Larynx Cancer (cont.)
In this Article
- Throat cancer (larynx cancer) facts*
- What is the larynx?
- What is cancer?
- Who is at risk for larynx cancer?
- What are symptoms of larynx cancer?
- How is larynx cancer diagnosed?
- How is staging for throat cancer determined?
- What are treatment options for larynx cancer?
- Radiation therapy
- Targeted therapy
- How does a person get a second opinion after a throat cancer diagnosis?
- What can people with throat cancer eat?
- What is involved in rehabilitation after surgery for larynx cancer?
- What follow-up care is needed after treatment for throat cancer?
- What support is available for patients with larynx cancer?
- What research is being done on throat cancer? What about clinical trials?
- Find a local Oncologist in your town
How is staging for throat cancer determined?
If laryngeal cancer is diagnosed, your doctor needs to learn the extent (stage) of the disease to help you choose the best treatment. When laryngeal cancer spreads, cancer cells may be found in the lymph nodes in the neck or in other tissues of the neck. Cancer cells can also spread to the lungs, liver, bones, and other parts of the body.
To learn whether laryngeal cancer has invaded nearby tissues or spread, your doctor may order one or more tests:
- Chest X-ray: An X-ray of your chest can show a lung tumor.
- CT scan: An X-ray machine linked to a computer takes a series of detailed pictures of your neck, chest, or abdomen. You may receive an injection of contrast material so your lymph nodes show up clearly in the pictures. CT scans of the chest and abdomen can show cancer in the lymph nodes, lungs, or elsewhere.
- MRI: A large machine with a strong magnet linked to a computer is used to make detailed pictures of your neck, chest, or abdomen. MRI can show cancer in the blood vessels, lymph nodes, or other tissues in the abdomen.
- PET scan: A small amount of radioactive sugar is given to you by injection. Cancer cells use sugar differently than normal tissues. A scan for the radioactive sugar - often coupled with a CT scan can help to evaluate the extent of a larynx cancer.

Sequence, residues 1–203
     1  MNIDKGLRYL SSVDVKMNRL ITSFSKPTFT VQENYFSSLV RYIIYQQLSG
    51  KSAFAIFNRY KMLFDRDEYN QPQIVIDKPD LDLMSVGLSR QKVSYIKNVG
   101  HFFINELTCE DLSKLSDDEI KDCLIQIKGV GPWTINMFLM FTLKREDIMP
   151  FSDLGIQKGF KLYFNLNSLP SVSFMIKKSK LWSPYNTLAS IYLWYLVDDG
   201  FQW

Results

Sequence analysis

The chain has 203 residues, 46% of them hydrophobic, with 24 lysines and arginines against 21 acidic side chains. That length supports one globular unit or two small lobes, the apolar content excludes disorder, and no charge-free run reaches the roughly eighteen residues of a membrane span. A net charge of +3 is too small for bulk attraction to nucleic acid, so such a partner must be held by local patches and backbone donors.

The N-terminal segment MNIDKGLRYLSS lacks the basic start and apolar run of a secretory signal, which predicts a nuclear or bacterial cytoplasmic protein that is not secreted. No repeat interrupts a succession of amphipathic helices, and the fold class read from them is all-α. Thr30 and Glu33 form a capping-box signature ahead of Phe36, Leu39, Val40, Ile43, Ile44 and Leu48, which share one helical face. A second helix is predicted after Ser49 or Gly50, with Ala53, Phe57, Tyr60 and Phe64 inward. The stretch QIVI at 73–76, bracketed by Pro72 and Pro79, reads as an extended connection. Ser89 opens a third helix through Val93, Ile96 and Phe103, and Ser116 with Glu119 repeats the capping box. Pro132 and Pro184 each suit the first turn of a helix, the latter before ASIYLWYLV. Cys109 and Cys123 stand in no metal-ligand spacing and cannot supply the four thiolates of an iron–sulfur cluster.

When cancer spreads from its original place to another part of the body, the new tumor has the same kind of abnormal cells and the same name as the primary (original) tumor. For example, if laryngeal cancer spreads to a lung, the cancer cells in the lung are actually laryngeal cancer cells. The disease is metastatic laryngeal cancer, not lung cancer. It's treated as laryngeal cancer, not as lung cancer. Doctors sometimes call the new tumor "distant" disease.
Doctors describe the stage of laryngeal cancer based on the size of the tumor, whether the vocal cords move normally, whether the cancer has invaded nearby tissues, and whether the cancer has spread to other parts of the body:
- Early cancer: Stage 0, I, or II laryngeal cancer is usually a small tumor, and cancer cells are rarely found in lymph nodes.
- Advanced cancer: Stage III or IV laryngeal cancer is a tumor that has invaded nearby tissues or spread to lymph nodes or other parts of the body. Or the cancer is only in the larynx, but the tumor prevents the vocal cords from moving normally.
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